DiyMobileAudio.com Car Stereo Forum banner
1 - 20 of 36 Posts

·
Registered
2019 VW Jetta GLI
Joined
·
180 Posts
Discussion Starter · #1 ·
So how do some manufacturers rate their drivers for let's say 100W rms/1000W max (instantaneous power). Is this just a marketing gimmick? Most drivers you see the RMS to be half of the peak power so how can a driver have 10x the rms for a peak?
 

·
Registered
Joined
·
1,484 Posts
Peak numbers are inherently scams. How long is a peak? It can't be a measurement of thermal capacity if it's a peak. So it could be the limit of what your mechanical suspension can handle in an unspecified box at an unspecified frequency?
 

·
Registered
Joined
·
1,360 Posts
So how do some manufacturers rate their drivers for let's say 100W rms/1000W max (instantaneous power). Is this just a marketing gimmick? Most drivers you see the RMS to be half of the peak power so how can a driver have 10x the rms for a peak?
The pipe dream is that ALL manufacturers would use the same standard and many standards have been developed over time but none of them use the same testing or limits as parameters for that testing. Much the same way amplifier manufacturers don't all use the same criteria for power output...
 

·
Registered
Joined
·
313 Posts
Way back in the day (90s) I owned some raw Dynaudio tweeters and I believe they were rated for 100w continuous and 1,300w peak.

That was long before everything shifted towards unrealistic inflated ratings .

-Eric


Sent from my iPhone using Tapatalk
 

·
Registered
Joined
·
1,295 Posts
Depends on the company. Morel for instance list rms. But also transient power for a second or some very small amount of time.
Some of the transient numbers for their tweeters on Madisound are crazy. 1000watts for a tweeters. Given morels background I kinda believe them.
For instance
Rectangle Font Schematic Parallel Slope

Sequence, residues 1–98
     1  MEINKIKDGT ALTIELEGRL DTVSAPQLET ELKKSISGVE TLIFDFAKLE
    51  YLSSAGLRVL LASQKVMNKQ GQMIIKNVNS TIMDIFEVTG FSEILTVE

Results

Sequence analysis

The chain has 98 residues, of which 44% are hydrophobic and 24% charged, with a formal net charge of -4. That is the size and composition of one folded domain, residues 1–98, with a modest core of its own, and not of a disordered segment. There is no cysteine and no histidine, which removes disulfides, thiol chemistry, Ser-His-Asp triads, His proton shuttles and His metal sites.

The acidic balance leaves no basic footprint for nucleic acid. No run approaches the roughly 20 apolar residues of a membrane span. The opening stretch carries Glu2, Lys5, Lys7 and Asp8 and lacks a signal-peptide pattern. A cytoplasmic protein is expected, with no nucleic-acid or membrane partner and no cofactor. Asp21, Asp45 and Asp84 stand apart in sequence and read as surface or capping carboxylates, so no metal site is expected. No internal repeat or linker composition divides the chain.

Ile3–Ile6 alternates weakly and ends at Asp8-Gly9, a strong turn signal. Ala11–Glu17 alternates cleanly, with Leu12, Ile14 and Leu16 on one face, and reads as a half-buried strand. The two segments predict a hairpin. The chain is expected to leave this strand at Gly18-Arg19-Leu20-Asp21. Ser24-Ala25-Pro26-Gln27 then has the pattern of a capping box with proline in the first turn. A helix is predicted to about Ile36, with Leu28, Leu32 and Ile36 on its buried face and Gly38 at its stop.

·
Registered
Joined
·
555 Posts
It almost isn't even worth providing a power handling rating.

People think power handling is a power requirement--"how many watts does this speaker need?" That's ridiculous.
People think they should use 3X the RMS rating because "headroom". That's also ridiculous.
People hove no idea how "power" is distributed in music or in pink noise. They don't know what pink noise is.
If speakers were rated for 5 watts, no one would buy one--not even a tweeter, even though the tweeter never even gets 5 watts.
People have no idea what any of this means. They want a number so when they melt stuff, they can say, "but my amp only makes xxx,xxx watts and I never turn it up.

And finally, people think that their warranty, which covers defects, is actually an insurance policy for which they don't pay premiums.
 

·
Registered
Joined
·
3,481 Posts
LOL. We test both RMS and peak power concurrently with shaped noise that has an average power equal to RMS and a peak power equal to the peak power handling rating.

And no one pays any attention to any of the ratings anyway.
Is there a general use ratio of RMS to peak power? In most cases, it looks like a 1/2 ratio (RMS/peak).
 

·
Registered
Joined
·
108 Posts
Peak numbers are inherently scams. How long is a peak? It can't be a measurement of thermal capacity if it's a peak. So it could be the limit of what your mechanical suspension can handle in an unspecified box at an unspecified frequency?
It could be the wattage corresponding to just a bit under the dielectric breakdown voltage of the voice coil enameling at nominal impedance...
 

·
Premium Member
Joined
·
7,316 Posts
Is there a general use ratio of RMS to peak power? In most cases, it looks like a 1/2 ratio (RMS/peak).
^That^ my man, is referred to as Crest Factor.

It is generally 13-18 dB, but the loudness wars moved it down… so it is more like 1:20 ratio… and NOT a 1:2 ratio.

If you are using 1-2 W in a tweeter then a 20-50W amp is all one ever needs.
And one is a usually using more like 1W per side… and the tweeter gets less than the woofer.

Even if one goes to 100dB SPL, the RMS watts will not be far away from 10W/side.